I have titled this post a blushing story because it is only one of so many:
I am 18 years old at the dermatologist. I’m 15 pounds fatter than I am now and pissed because I have acne all over my forehead and of course, dermatologists can never figure out why.
I’m waiting. My mom is waiting, too, sitting across from me and looking at me.
We’re tired. I say something like, “I hate dermatologists. Why can’t they just give me the strongest thing first and be done with it?”
“I know. I know,” my mom says. She has always had a problem with all kinds of doctors because so far, they’ve done nothing good in our lives.
Then the doctor walks in. He is young, he is handsome. He walks lightly as if he is happy.
I’m not prepared for this young doctor with blond hair. I start blushing.
He says, “Okay, Tara, we’re going to try to figure this out for you today,” or something. My mom starts talking about the crap on my head. She is talking in her tone of, “Look. I know you think you know everything already because you’ve glanced at that sheet for 10 seconds, but listen to me.”
The doctor listens hard to my mom, which is good because maybe my blushing will go away by the time he looks at me. When she is done talking, he reassures her that he will figure this out, then puts on his gloves and turns to me and says, “So what high school do you go to, Tara?”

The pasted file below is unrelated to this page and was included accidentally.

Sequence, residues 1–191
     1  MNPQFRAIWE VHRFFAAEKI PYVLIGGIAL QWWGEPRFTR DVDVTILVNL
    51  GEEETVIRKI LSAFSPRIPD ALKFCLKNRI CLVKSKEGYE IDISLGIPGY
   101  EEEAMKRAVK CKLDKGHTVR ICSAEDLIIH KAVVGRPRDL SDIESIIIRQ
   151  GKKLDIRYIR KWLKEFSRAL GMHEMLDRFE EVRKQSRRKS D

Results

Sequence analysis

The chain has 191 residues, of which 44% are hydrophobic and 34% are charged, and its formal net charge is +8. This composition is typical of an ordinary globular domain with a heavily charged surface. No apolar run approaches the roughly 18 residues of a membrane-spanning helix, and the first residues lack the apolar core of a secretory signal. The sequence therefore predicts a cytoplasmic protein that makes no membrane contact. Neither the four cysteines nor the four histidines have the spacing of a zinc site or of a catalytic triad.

I start sweating in random places, like in the crevices around my nose and in my eyebrows. My mom turns her attention to me and then her eyes open wide. I can feel the blushing thumping in my cheeks, getting ready to charge.
“Redmond High School,” I say and then all hell breaks loose. I look at my mom, who is now tilting her head to get another look at my red face. My blushing intrigues her.
The doctor says something about Redmond High School and then asks me to lift my head. I blush harder. I sweat harder. My mom closes her eyes because she’s embarrassed now. For me, of me.
The doctor holds my chin in his hands and looks right up into my skin. My sweating skin. He moves closer, inches away from face. I look into his eyes as he brushes my bangs from my forehead. I see him look at the blotches of blush exploding all over my forehead like red fireworks. No doubt he also sees the sweat clinging to my hairline and the sweat pooling around my acne.
Never with any man before then, never with any man since then, INCLUDING MY OWN HUSBAND, have I felt so vulnerable. Here I was, a bloated faced girl, sitting nose to nose with a stranger who was literally holding all my weaknesses in his hands and scrutinizing every centimeter of them–my shyness, my fears, my helplessness, my insecurities, my acne wounds, my sweat drops, my–my blushing.
The one constant thing in my life that controls me. I am afraid of it. It comes when I expect it, it comes when I don’t expect it. There’s no telling. I can’t prevent it or prepare for it. And when it finally comes, which it does, always and in full force, I can’t stop it. Unlike Batman, I can’t face the fear because the fear is my face.